Omisore was not the only governorship aspirant who haboured a grievance against the PDP. There was Dr. Akin Ogunbiyi, who alleged that he was robbed of victory during the PDP primary held on July 2. Ogunbiyi lost the primary by seven votes to Adeleke. Though, he refused to quit the PDP, he refused to plough his energy and resources into the party’s quest to win the Osun governorship contest.

For the APC, Osun was the test case for the party’s adoption of direct primary, which allows every card carrying member of the party an opportunity to have a say in the choice of candidates going into an election. A couple of leading APC chiefs, particularly the former Secretary to the State Government, Alhaji Moshood Adeoti moved out of the party with his supporters. The differences among the APC contestants for the governorship was so sharp that those who lost to Oyetola, the party’s eventual flag bearer bluntly refused to reconciled to him and the party, despite several entreaties. However, in many instances, the APC leadership adopted an arrogant posture, refusing to parley the aggrieved erstwhile members. Adeoti proved to be the APC’s nemesis in the election, by holding on to his stronghold of Iwo and garnering close to 50,000 votes, which if it had gone to the APC, would given the party victory in the first ballot. This was the most glaring example that the APC went into the Osun State governorship election as a divided house.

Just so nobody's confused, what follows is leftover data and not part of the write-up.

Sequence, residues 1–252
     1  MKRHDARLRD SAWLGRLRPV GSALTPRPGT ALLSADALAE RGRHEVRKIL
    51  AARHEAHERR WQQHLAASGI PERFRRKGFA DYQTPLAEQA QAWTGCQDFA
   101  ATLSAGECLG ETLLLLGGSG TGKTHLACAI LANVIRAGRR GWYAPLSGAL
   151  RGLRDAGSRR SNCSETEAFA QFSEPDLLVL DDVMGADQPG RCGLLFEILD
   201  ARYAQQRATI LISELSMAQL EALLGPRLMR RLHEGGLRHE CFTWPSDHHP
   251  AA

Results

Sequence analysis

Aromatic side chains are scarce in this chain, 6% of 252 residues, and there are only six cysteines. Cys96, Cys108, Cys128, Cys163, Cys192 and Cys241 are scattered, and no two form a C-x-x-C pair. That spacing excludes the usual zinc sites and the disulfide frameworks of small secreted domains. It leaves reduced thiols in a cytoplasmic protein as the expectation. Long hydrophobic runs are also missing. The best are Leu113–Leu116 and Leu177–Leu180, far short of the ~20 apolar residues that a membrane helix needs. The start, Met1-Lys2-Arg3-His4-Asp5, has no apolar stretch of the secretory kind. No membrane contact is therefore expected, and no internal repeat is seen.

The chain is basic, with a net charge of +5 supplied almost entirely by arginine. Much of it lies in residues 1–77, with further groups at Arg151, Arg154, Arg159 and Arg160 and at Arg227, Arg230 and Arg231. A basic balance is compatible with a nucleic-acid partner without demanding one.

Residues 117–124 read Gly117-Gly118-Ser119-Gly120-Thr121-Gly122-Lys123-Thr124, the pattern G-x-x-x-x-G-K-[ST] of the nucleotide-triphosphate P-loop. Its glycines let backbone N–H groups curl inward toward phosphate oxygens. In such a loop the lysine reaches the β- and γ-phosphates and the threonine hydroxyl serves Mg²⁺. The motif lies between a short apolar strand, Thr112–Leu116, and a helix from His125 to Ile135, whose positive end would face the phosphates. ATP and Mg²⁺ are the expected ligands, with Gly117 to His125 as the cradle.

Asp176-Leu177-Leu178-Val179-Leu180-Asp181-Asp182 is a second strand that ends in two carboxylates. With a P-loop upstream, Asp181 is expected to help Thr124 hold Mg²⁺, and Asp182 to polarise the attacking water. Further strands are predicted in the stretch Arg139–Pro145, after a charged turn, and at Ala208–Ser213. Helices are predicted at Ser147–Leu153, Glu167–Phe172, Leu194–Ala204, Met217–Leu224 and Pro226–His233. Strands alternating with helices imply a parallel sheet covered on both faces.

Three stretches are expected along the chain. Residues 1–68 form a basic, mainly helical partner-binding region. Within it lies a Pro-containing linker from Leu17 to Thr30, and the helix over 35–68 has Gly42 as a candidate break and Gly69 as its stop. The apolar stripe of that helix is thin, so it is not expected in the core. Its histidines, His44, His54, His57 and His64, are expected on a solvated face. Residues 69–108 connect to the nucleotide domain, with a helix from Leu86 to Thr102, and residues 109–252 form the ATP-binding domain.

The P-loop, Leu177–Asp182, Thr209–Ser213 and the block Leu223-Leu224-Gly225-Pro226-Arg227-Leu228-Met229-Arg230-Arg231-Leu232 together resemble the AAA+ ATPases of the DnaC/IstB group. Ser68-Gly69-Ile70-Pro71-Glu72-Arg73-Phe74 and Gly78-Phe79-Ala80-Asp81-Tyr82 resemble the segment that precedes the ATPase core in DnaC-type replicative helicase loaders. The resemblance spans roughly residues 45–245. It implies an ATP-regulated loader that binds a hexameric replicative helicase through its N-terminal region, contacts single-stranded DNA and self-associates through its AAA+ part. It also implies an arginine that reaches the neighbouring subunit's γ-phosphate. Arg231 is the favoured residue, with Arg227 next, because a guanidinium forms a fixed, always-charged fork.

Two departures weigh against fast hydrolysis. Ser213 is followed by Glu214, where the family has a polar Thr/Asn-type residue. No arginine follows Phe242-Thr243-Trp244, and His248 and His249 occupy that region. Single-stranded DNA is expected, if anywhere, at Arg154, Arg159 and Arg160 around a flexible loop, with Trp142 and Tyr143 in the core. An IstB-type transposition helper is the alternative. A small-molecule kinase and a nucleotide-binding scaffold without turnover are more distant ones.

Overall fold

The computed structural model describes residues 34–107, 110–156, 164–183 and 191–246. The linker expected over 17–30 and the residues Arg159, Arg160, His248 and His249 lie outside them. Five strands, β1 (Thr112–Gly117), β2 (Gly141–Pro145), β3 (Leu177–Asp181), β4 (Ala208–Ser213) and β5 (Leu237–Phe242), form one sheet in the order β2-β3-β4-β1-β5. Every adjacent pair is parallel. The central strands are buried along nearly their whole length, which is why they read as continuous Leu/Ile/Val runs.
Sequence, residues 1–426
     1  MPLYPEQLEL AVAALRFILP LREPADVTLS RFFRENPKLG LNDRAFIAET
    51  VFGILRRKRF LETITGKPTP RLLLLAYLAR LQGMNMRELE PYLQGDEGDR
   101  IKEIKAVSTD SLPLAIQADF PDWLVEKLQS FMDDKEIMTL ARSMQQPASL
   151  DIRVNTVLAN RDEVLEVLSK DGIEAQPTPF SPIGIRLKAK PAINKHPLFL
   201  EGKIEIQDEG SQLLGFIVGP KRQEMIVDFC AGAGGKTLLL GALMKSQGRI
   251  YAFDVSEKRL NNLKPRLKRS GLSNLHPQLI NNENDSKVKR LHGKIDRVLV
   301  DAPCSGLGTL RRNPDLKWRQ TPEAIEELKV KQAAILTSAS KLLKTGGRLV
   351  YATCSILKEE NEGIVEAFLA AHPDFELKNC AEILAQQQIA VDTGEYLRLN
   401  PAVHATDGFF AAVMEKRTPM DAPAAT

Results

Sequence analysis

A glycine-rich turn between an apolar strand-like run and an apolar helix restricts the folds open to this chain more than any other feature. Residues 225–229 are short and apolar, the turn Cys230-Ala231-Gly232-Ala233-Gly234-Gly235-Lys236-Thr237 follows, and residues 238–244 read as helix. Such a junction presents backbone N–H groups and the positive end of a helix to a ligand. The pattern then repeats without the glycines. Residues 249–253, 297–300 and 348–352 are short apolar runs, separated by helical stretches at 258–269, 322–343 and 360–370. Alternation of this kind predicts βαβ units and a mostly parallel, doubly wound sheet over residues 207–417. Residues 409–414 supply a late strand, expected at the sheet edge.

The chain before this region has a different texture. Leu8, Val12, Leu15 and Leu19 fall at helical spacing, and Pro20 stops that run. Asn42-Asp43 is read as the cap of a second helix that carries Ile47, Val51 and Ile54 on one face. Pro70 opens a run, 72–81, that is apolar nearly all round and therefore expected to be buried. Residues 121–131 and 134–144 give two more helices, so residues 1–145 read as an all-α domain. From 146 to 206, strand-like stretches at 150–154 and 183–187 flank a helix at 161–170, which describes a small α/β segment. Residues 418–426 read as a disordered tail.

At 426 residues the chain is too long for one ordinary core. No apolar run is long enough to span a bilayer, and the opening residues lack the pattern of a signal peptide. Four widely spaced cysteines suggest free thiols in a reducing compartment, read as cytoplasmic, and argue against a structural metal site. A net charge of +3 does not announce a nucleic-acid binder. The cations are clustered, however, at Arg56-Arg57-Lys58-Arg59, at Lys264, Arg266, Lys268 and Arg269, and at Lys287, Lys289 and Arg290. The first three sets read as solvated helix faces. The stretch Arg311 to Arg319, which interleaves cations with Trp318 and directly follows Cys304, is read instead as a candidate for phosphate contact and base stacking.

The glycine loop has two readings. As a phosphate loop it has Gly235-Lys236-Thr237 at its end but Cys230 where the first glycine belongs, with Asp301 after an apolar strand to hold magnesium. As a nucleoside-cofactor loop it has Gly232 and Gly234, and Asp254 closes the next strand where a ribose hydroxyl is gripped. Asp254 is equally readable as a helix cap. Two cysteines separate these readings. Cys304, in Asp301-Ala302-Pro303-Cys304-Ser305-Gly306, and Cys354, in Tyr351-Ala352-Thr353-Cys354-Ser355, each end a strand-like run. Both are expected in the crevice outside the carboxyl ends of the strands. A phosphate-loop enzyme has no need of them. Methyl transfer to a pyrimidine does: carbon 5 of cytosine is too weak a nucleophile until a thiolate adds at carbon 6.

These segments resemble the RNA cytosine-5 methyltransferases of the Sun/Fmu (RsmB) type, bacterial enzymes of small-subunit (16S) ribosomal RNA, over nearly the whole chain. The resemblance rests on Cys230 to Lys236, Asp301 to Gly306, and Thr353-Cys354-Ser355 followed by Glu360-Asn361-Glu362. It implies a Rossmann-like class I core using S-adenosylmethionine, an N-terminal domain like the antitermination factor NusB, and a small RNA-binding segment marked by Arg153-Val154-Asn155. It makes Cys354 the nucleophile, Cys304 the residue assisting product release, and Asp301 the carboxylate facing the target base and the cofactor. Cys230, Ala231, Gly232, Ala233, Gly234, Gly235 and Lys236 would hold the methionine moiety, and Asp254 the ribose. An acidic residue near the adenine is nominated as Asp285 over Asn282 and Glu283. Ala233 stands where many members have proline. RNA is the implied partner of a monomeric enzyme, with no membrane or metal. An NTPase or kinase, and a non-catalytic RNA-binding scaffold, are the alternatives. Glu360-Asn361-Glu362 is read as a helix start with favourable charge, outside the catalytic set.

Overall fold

Among his many ‘sins’, three years into his second term, Governor Rauf Aregbesola ran the state as a ‘sole administrator’. He refused to appoint commissioners and other key members of the state executive council. Since these appointees usually represent different power blocs, local government areas and ethnic groups, their inclusion in government usually serves to give the blocs or groups they represent a sense of belonging in the government of the day. By not leaving such appointment till it was rather late in the day, Aregbesola lost a huge chunk of good will.

Of course, there is the well-known matter of staggered or delayed payment of salaries to civil servants. In a state where government employs over 70 per cent of the work force, interruption to the regular monthly pay to workers leads to a major setback in the populace, with far-reaching implications.